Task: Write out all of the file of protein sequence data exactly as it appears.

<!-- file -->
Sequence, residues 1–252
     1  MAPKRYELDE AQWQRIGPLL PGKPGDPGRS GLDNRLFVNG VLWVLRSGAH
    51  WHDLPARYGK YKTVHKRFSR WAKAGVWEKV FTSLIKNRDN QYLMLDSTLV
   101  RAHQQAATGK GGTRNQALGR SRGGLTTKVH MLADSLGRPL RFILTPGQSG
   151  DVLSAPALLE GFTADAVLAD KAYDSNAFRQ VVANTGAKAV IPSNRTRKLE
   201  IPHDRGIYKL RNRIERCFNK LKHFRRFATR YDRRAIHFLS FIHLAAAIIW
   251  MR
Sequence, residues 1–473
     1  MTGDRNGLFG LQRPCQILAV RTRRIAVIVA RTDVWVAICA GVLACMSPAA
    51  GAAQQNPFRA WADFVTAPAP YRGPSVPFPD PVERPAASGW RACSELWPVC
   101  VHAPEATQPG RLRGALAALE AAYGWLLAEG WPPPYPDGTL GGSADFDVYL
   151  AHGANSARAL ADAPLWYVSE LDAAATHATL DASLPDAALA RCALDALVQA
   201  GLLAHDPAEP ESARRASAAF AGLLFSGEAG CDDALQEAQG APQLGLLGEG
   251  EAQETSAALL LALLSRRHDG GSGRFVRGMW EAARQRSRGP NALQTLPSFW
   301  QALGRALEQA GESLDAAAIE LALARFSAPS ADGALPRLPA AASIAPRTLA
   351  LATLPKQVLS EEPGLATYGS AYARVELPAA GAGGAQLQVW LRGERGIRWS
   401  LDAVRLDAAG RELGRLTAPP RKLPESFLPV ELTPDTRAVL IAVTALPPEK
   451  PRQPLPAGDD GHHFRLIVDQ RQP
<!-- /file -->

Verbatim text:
Sequence, residues 1–252
     1  MAPKRYELDE AQWQRIGPLL PGKPGDPGRS GLDNRLFVNG VLWVLRSGAH
    51  WHDLPARYGK YKTVHKRFSR WAKAGVWEKV FTSLIKNRDN QYLMLDSTLV
   101  RAHQQAATGK GGTRNQALGR SRGGLTTKVH MLADSLGRPL RFILTPGQSG
   151  DVLSAPALLE GFTADAVLAD KAYDSNAFRQ VVANTGAKAV IPSNRTRKLE
   201  IPHDRGIYKL RNRIERCFNK LKHFRRFATR YDRRAIHFLS FIHLAAAIIW
   251  MR
Sequence, residues 1–473
     1  MTGDRNGLFG LQRPCQILAV RTRRIAVIVA RTDVWVAICA GVLACMSPAA
    51  GAAQQNPFRA WADFVTAPAP YRGPSVPFPD PVERPAASGW RACSELWPVC
   101  VHAPEATQPG RLRGALAALE AAYGWLLAEG WPPPYPDGTL GGSADFDVYL
   151  AHGANSARAL ADAPLWYVSE LDAAATHATL DASLPDAALA RCALDALVQA
   201  GLLAHDPAEP ESARRASAAF AGLLFSGEAG CDDALQEAQG APQLGLLGEG
   251  EAQETSAALL LALLSRRHDG GSGRFVRGMW EAARQRSRGP NALQTLPSFW
   301  QALGRALEQA GESLDAAAIE LALARFSAPS ADGALPRLPA AASIAPRTLA
   351  LATLPKQVLS EEPGLATYGS AYARVELPAA GAGGAQLQVW LRGERGIRWS
   401  LDAVRLDAAG RELGRLTAPP RKLPESFLPV ELTPDTRAVL IAVTALPPEK
   451  PRQPLPAGDD GHHFRLIVDQ RQP